1Graduate School of Arts and Sciences, Georgetown University, Washington, DC, United States.
2Department of Oncology, Georgetown University Medical Center and Cancer Prevention and Control Program, Lombardi Comprehensive Cancer Center, Georgetown University Medical Center, Washington, DC, United States.
3Department of Family Medicine, Georgetown University School of Medicine, Washington, DC, United States.
4University of Rochester Medical Center, Wilmot Cancer Center, United States.
5Department of Medicine/Infectious Diseases, Georgetown University, Washington, DC, United States.
6Global Health Initiative, Henry Ford Health System, Detroit, MI, United States.
7Medstar Georgetown Transplant Institute, Georgetown University, Washington, DC, United States.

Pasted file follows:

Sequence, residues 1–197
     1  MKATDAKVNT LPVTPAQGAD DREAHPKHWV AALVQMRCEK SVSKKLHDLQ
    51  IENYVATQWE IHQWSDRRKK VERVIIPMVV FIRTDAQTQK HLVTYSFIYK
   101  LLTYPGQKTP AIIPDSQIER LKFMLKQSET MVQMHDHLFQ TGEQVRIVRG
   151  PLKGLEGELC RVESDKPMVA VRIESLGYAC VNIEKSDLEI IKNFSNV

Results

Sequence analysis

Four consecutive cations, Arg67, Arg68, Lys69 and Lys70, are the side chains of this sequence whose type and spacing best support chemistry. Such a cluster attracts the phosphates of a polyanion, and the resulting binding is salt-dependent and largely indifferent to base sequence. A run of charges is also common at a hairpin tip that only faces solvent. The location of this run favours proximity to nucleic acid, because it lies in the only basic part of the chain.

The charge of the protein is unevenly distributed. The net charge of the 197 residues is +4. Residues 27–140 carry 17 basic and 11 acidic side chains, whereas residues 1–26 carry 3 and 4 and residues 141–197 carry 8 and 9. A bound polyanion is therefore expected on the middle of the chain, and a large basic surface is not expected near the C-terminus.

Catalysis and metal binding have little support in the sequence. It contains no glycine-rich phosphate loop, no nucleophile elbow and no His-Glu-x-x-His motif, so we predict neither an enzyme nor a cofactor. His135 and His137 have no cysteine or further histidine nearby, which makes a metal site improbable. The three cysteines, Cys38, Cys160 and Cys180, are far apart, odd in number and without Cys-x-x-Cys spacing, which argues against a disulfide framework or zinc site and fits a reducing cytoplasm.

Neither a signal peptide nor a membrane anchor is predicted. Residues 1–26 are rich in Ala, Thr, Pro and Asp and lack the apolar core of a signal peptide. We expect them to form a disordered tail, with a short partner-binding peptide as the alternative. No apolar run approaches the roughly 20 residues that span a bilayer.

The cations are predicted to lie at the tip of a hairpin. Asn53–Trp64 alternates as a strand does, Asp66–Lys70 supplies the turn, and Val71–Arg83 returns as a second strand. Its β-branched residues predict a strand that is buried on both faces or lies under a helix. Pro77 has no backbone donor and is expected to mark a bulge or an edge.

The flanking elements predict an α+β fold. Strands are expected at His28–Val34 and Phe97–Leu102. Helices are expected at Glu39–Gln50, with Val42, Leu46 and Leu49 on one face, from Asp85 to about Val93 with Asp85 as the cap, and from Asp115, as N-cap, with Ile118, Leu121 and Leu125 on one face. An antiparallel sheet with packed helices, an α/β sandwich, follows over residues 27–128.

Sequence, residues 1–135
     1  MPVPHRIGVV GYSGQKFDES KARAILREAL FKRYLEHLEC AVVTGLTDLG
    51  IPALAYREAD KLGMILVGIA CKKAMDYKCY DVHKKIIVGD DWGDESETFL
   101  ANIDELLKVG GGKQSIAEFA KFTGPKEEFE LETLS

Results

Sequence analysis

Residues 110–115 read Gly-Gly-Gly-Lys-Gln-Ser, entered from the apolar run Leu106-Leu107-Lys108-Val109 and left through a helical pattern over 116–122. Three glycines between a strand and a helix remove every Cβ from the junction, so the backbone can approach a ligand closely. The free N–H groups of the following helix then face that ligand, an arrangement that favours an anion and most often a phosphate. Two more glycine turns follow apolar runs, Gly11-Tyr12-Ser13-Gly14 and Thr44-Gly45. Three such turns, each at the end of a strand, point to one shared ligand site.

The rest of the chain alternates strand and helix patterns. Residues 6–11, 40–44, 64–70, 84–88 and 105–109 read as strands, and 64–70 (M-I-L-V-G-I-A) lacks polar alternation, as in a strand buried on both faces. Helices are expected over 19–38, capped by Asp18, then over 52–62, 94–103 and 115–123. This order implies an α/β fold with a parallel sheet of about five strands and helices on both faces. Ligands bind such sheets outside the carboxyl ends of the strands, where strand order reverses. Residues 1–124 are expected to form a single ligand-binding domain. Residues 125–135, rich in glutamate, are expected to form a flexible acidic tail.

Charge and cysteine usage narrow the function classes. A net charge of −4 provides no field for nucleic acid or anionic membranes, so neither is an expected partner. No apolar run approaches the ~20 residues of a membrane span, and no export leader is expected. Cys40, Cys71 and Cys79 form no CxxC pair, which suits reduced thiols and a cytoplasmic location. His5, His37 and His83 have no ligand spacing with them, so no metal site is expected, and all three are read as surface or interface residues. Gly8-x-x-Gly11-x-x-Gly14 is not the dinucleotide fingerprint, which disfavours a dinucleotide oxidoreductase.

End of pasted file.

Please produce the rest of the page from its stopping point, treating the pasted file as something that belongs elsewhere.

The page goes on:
This study examined whether patients with Hepatitis C virus (HCV) infection adhered to their physicians' recommendation and HCV clinical guidelines for obtaining a regular liver function test (LFT), and whether high-risk behaviors are associated with behavioral adherence. A cross-sectional survey was administered to 101 eligible patients with HCV who were recruited from health centers in New Jersey and Washington, DC. Adherence outcomes were defined as the patients' self-report of two consecutive receipts of LFTs in accordance with their physicians' recommended interval or the clinical guidelines for a LFT within 3-6 months. 67.4% of patients (66/98) reported a receipt of their physicians' recommendation for a LFT. The rate of adherence to physician recommendation was about 70% (46/66), however over 50% (52/101) of patients with HCV did not obtain regular LFTs. 15.8% (16/101) of patients continued to use injection drugs. Patients who used injection drugs had 0.87 (adjusted odds ratio (aOR) = 0.13, 95% confidence interval 0.03-0.59) times lower odds adhering to their physician recommendation, relative to non-users. Patients with HIV co-infection had increased odds of adhering to the clinical guidelines (odds ratio 3.41, 95% confidence interval 1.34-8.70) vs. patients who did not report HIV co-infection. Additionally, patients who had received a physician's recommendation had 7.21 times (95% confidence interval of 2.36-22.2) greater odds adhering to the clinical guidelines than those who had not. Overall, promoting HCV patient-provider communication regarding regular LFTs and reduction of risk behaviors is essential for preventing patients from HCV-related liver disease progression.